I wanted to apply a field gradient on my molecule and study some associated property. I'm able use MM point charges w.r.t a QM/MM scheme of doing things to produce a field gradient. But I was wondering if any open-source (or free) quantum chemistry codes have this an a part of its source code. There are commercial codes like Gaussian 16, MOLPRO.. etc. with this capability.


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    $\begingroup$ Does it have to be open source, or can it just be free? $\endgroup$ Commented Mar 2 at 9:14
  • $\begingroup$ @isolatedmatrix yes it can be free! I've changed the question $\endgroup$
    – Atom
    Commented Mar 2 at 17:51
  • $\begingroup$ You can let me know when there's one day remaining for the bounty, if you don't get an answer by then. $\endgroup$ Commented Mar 5 at 3:07
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    $\begingroup$ @Ihavenofreetimeanymore Thanks! I'll ping you when its time $\endgroup$
    – Atom
    Commented Mar 6 at 15:41
  • $\begingroup$ @Ihavenofreetimeanymore Hi, the bounty I've put in expires in a day $\endgroup$
    – Atom
    Commented Mar 10 at 14:19

2 Answers 2



Inhomogenous external fields in OpenMolcas

If you would like to do quantum chemistry calculations, such as RHF-CCSD(T), for a molecule with an inhomogenous external field, E(x,y,z), then the FFPT (finite field perturbation theory) module of OpenMolcas may help.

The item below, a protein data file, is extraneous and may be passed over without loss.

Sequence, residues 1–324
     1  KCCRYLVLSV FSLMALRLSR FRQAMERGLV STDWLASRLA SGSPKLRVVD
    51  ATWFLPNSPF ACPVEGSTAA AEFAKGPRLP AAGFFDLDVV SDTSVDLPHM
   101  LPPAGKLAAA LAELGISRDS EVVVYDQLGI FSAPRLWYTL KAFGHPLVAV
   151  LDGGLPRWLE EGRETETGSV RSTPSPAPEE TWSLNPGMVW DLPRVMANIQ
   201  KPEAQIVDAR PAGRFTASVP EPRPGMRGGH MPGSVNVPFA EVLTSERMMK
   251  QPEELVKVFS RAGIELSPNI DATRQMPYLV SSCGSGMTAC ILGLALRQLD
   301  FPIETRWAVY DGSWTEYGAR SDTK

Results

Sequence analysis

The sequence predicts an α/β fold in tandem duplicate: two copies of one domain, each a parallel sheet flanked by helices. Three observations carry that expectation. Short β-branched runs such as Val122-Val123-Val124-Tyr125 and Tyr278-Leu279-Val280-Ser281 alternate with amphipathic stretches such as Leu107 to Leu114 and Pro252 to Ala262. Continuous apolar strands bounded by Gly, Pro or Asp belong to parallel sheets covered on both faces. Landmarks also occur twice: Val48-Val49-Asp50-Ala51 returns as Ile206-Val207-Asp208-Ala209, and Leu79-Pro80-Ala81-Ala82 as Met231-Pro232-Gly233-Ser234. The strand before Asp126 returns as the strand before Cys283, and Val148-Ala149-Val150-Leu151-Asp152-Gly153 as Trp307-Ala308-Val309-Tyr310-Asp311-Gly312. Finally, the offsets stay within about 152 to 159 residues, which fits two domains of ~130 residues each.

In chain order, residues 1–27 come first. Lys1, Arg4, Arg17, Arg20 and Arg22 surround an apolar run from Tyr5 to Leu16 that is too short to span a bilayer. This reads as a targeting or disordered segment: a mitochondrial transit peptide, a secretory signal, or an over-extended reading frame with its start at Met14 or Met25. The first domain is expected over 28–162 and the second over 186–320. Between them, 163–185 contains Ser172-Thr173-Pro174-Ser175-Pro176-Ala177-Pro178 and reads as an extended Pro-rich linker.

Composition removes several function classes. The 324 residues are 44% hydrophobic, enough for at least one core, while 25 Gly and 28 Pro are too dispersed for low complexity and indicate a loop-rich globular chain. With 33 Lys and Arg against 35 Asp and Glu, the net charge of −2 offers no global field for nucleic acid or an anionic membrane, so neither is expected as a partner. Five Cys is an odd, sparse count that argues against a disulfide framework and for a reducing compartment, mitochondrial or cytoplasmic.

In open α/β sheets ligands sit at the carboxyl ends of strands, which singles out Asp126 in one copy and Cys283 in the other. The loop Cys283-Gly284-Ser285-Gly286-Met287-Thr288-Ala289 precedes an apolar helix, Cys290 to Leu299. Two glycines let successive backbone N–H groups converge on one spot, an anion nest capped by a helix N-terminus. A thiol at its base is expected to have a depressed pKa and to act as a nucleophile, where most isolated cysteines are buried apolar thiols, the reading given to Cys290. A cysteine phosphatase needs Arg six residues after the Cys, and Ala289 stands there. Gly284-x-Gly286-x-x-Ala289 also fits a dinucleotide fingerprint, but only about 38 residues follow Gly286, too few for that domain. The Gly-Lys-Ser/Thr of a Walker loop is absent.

• The DIPO keyword will allow you to use a homogenous external field perturbation.
  • Other keywords such as QUAD (for calculating quadrupole moments or quadrupole polarizabilities) will allow you to use an inhomogenous electric field.
  • There is also the EFGR keyword which is for adding an "electric field gradient" perturbation operator.
  • The GLOBL keyword allows users to use a more general perturbation description.

There is also the ESPF (electro-static potential fitted) method which:

"adds contributions to the one-electron Hamiltonian for computing the interaction between the charge distribution in Molcas and any external electrostatic potential, field, and field derivatives."

More about OpenMolcas in general

You mentioned Gaussian 16 and MOLPRO when listing commercial software in your question post, and you mentioned GPAW and PySCF when listing Python-based software in this comment. MOLCAS has been a commercial code for almost 40 years, and it costed about as much as GAUSSIAN and MOLPRO, and offered a similar level of "commercial-grade reliability" as those programs (especially compared to the slower Python-based software such as PySCF and GPAW), but a few years ago the vast majority of it was made free and . You can still buy a commercial license if you want to use one of the features that did not become open source (for example, if the authors of that part of the code base are no longer alive or contactable, and therefore cannot give permission for open-sourcing their lines of code).

OpenMolcas is the highest-voted answer to: What is a good replacement for Gaussian? (ORCA has a net score of 25 and 1 downvote, but OpenMolcas has a net score of 24 and 0 downvotes, although some of this might have been more because of the quality of the answers rather than the software itself, but I think OpenMolcas does deserve to be chosen over ORCA in many cases because ORCA is not open source: it might be free when you apply for access and get your application approved after you give away information, create a login username and password, and permanently get recorded in a database of users, but you cannot modify ORCA like you can modify OpenMolcas). OpenMolcas also has a net score that is 11 higher than ORCA for the answer to: Is there a free package with robust CASSCF functionality? (but again, these are only net scores on MMSE, and with only a few dozen voters on that thread, many who probably have never used either of those computer programs, it's still too early to not look at the net scores with a grain of salt).